Joash became king of Judah at the age of seven, and he ruled in Jerusalem for forty years. His mother was Zibiah from the city of Beersheba.
He did what was pleasing to the Lord as long as Jehoiada the priest was alive.
Jehoiada chose two wives for King Joash, and they bore him sons and daughters.
After he had been king for a while, Joash decided to have the Temple repaired.
He ordered the priests and the Levites to go to the cities of Judah and collect from all the people enough money to make the annual repairs on the Temple. He told them to act promptly, but the Levites delayed,
so he called in Jehoiada, their leader, and demanded, "Why haven't you seen to it that the Levites collect from Judah and Jerusalem the tax which Moses, the servant of the Lord, required the people to pay for support of the Tent of the Lord's presence?" 1
(The followers of Athaliah, that corrupt woman, had damaged the Temple and had used many of the sacred objects in the worship of Baal.)
The king ordered the Levites to make a box for contributions and to place it at the Temple gate.
They sent word throughout Jerusalem and Judah for everyone to bring to the Lord the tax which Moses, God's servant, had first collected in the wilderness.
This pleased the people and their leaders, and they brought their tax money and filled the box with it.
Every day the Levites would take the box to the royal official who was in charge of it. Whenever it was full, the royal secretary and the High Priest's representative would take the money out and return the box to its place. And so they collected a large sum of money.
The king and Jehoiada would give the money to those who were in charge of repairing the Temple, and they hired stonemasons, carpenters, and metalworkers to make the repairs.
All of them worked hard, and they restored the Temple to its original condition, as solid as ever.
When the repairs were finished, the remaining gold and silver was given to the king and Jehoiada, who used it to have bowls and other utensils made for the Temple. As long as Jehoiada was alive, sacrifices were offered regularly at the Temple.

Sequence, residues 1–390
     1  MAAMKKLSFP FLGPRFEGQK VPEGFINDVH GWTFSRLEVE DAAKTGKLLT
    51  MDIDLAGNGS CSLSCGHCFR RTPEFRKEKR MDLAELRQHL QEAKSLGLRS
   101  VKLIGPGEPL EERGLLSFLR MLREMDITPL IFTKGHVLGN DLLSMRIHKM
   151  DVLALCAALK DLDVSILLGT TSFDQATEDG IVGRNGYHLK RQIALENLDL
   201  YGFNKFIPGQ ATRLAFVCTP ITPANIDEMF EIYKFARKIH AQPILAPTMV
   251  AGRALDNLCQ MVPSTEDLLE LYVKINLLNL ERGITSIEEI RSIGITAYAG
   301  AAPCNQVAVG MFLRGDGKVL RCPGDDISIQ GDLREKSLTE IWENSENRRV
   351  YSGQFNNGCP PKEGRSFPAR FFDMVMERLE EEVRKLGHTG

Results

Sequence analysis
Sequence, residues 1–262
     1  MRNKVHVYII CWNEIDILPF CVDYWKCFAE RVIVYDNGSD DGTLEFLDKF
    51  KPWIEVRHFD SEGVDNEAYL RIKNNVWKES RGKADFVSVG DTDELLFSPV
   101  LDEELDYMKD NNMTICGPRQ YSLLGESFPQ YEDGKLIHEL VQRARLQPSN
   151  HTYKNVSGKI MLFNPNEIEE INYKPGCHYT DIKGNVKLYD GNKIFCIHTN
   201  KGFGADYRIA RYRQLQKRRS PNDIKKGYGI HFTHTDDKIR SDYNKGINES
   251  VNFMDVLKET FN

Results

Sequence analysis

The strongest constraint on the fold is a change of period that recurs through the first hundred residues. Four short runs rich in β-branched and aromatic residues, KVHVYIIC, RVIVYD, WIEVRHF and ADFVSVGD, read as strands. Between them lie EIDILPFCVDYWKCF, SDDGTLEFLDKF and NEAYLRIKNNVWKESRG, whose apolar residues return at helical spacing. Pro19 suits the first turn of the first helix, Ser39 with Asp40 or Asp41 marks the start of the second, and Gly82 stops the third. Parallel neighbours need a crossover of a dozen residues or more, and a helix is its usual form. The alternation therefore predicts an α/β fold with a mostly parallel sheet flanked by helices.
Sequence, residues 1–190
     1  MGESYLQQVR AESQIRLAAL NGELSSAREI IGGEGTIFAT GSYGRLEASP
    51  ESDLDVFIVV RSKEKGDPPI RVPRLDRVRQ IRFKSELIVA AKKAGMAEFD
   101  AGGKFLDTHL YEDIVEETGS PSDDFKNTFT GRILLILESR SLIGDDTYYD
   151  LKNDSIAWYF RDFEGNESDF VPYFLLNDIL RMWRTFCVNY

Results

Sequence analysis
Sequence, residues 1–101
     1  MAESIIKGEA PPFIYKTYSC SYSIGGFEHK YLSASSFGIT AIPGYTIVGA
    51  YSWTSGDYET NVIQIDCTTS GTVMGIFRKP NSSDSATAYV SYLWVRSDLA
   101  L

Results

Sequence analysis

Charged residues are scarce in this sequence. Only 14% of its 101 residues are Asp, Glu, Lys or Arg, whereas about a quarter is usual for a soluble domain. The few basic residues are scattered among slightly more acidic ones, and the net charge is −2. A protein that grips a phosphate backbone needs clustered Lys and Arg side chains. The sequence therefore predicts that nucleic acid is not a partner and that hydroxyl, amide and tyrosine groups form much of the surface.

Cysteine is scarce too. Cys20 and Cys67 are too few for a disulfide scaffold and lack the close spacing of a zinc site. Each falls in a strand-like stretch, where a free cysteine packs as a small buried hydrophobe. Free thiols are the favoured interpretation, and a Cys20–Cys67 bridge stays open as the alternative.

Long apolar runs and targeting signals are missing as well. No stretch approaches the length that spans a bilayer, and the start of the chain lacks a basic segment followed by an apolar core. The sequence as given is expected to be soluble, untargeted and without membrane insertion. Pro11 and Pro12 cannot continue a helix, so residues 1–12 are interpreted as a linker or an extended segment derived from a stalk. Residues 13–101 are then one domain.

After reaching the very old age of a hundred and thirty, he died.
They buried him in the royal tombs in David's City in recognition of the service he had done for the people of Israel, for God, and for the Temple.
But once Jehoiada was dead, the leaders of Judah persuaded King Joash to listen to them instead.
And so the people stopped worshiping in the Temple of the Lord, the God of their ancestors, and began to worship idols and the images of the goddess Asherah. Their guilt for these sins brought the Lord's anger on Judah and Jerusalem.
The Lord sent prophets to warn them to return to him, but the people refused to listen.
Then the spirit of God took control of Zechariah son of Jehoiada the priest. He stood where the people could see him and called out, "The Lord God asks why you have disobeyed his commands and are bringing disaster on yourselves! You abandoned him, so he has abandoned you!" 2
King Joash joined in a conspiracy against Zechariah, and on the king's orders the people stoned Zechariah in the Temple courtyard.
The king forgot about the loyal service that Zechariah's father Jehoiada had given him, and he had Zechariah killed. As Zechariah was dying, he called out, "May the Lord see what you are doing and punish you!"
When autumn came that year, the Syrian army attacked Judah and Jerusalem, killed all the leaders, and took large amounts of loot back to Damascus.
The Syrian army was small, but the Lord let them defeat a much larger Judean army because the people had abandoned him, the Lord God of their ancestors. In this way King Joash was punished.
He was severely wounded, and when the enemy withdrew, two of his officials plotted against him and killed him in his bed to avenge the murder of the son of Jehoiada the priest. He was buried in David's City, but not in the royal tombs
(Those who plotted against him were Zabad, the son of an Ammonite woman named Shimeath, and Jehozabad, the son of a Moabite woman named Shimrith.)
The [Commentary on the Book of Kings] contains the stories of the sons of Joash, the prophecies spoken against him, and the record of how he rebuilt the Temple. His son Amaziah succeeded him as king.